Easter Homily II: Easter and Mary Magdalene

IMAG1096_1Mary Magdalene came to The Tomb and found the soldiers on guard as dead men, with the Angel of The Lord sitting atop the grave boulder, which He had moved, saying The Crucified Lord is not here. As He is Risen, behold, see an empty tomb.

HOMILY        (Lengthened Blog version)

On this Easter Morn, we hear the Matthew 28 account of Mary Magdalene and Mary of Cleopas at the tomb of Our Lord, and then of the encounter of the Risen Jesus.  Last night at the Easter Vigil I preached on one of these women and of her inspiration to us.  It was of “the other Mary,” Mary of Cleophas.   Today I preach on Mary Magdalene and of her inspiration to us.   Both women were present for the whole Paschal Mystery:  They were there for the suffering Lord Jesus , and below Him as He died on the Cross, as well as coming to Jesus’ tomb to pray, therefore, putting themselves in place as the early witnesses of Jesus’ Resurrection.

At the Cross, Mary Magdalene was a silent witness.  No words are recorded of her, only long sobs– as we hear Jesus address her later, “woman, why are you weeping?”   Jesus saw her weeping below His Cross of Sacrifice.   It moved Him to see His friend there for Him to the end.   So, He would meet her here on the First Easter’s dawn, as her great consolation and new hope.

Mary Magdalene knew Jesus as God’s Love revealed to the world.  She had been amazed with HIm, even since her deliverance from her darkness.   As she saw Jesus on the Cross, she might have commented to the soldiers:   “He won’t really need the nails, for His Love could hold Him up there.   He dies in the fullest Gift of Love ever.”

Mary Magdalen was one of the “three Mary’s” at the Cross.   The Blessed Virgin Mary, Mary of Cleophas, and her made for the faithful trio.   Mary Magdalene was different from the other two, in that she was not related to the Savior by family ties.   The Blessed Mother was Jesus’ true mother, and Mary of Cleophas was Mary’s sister-in-law.   Our Mary was a Galilean woman from Magdala, a city more known to be influenced by Gentile than Jewish life.   Yet Mary of Magdala would meet Jesus and become one of His closest disciples.   As for new family ties, Jesus had said one time that “those who hear the Word of God and keep to it are mother, brother, sister–or family– to me now.”  Mary Magdalene certainly fit that description of Jesus’ new extended family by faith.  We have learned it, too, today, that if we accept Jesus the Word and keep with Him– in Scripture, in love and service, in Sacrament, as members of His body, the Church– then we are called Jesus’ brothers and sisters.   My opening address to you was as fellow brothers and sisters in Christ Jesus– just to acknowledge that family tie we have!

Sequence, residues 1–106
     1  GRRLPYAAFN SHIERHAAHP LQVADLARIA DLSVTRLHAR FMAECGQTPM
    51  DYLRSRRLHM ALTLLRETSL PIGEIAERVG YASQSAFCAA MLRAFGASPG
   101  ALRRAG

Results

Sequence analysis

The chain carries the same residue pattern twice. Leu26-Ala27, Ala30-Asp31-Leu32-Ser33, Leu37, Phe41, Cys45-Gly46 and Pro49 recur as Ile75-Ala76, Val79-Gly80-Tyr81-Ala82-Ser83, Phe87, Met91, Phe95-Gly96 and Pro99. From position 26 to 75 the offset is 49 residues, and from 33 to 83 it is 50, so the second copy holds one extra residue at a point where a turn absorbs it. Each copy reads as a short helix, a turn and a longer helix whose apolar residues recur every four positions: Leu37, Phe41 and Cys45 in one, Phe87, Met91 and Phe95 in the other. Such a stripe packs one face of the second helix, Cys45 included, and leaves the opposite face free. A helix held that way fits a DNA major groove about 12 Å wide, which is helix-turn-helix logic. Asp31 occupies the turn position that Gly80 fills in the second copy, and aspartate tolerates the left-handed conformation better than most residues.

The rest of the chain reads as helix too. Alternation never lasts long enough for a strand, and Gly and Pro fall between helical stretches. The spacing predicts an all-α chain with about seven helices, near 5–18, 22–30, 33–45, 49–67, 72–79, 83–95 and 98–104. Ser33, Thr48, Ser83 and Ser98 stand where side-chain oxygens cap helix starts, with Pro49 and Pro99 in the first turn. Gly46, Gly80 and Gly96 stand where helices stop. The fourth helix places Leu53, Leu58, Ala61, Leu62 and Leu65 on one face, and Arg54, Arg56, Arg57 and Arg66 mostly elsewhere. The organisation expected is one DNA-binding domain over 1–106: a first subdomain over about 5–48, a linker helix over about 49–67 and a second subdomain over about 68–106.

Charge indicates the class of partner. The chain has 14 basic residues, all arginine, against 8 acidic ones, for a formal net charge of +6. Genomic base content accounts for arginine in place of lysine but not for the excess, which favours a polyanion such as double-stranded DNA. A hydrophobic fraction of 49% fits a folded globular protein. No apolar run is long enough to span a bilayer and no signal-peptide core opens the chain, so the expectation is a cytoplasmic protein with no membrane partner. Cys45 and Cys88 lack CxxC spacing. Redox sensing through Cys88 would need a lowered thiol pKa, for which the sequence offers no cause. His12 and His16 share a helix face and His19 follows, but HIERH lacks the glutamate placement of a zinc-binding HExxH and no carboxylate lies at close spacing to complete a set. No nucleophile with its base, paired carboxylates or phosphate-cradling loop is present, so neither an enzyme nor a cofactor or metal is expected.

In Luke 8, we hear how Mary met Jesus while she was under the possession of darkness.   Jesus heals her out of seven demons.  What those sins or evil spirits were–we don’t exactly know.  Yet she had a full recovery.   7 is a number that denotes fullness.  You know it as such, such as of the 7-fold Gift of the Spirit or 7 days of creation or 7 Sacraments.   Mary of Magdala will be a changed, whole woman now.  Because Jesus will later call her “woman” as in Matthew 28, it tells us that she is a woman of the new creation in Christ.   He came to bring us back into Grace, like humankind had in the Garden of Eden.  In fact, as John’s Gospel describes Jesus meeting Mary Magdalene in that first public, official Resurrection account— it is in a Garden, on purpose.  Jesus is first the mistaken Gardener, in John 20, until Mary cries “Rabboni” in recognition of her Lord standing there.  She knew Jesus when He called her name.   It is the same for us awaiting after death; Jesus will call us by Name and welcome us into Paradise with Him.

On Mary Magdalene’s feast day, July 22, the Church gives the Song of Songs as the first reading, denoting our Mary as the one seeking the Lord as like the dove figure in that Biblical book about God and humankind drawing nearer to our full reunion.  This figure in the Song of Songs so desires to be one with her Lover.thhhh

I’d like to suggest here how Mary Magdalene is our saintly model of desire to be close with the Lord God of love.   We need to want Him so dearly, too.   What made this disciple so want to be near Jesus, that even after death she arises as dawn’s early light to go to Jesus’ tomb, even bringing spices, if perhaps the guards would let her in to pay her respects?   Let us pray for desire for Jesus!   There is a title of The Lord’s Anointed that befits this suggestion:  He is the “Desire of Nations.”   (From Haggai chapter 2.)

Mary Magdalene has the soul need for God.   Jesus is God–so she needs to be near Him.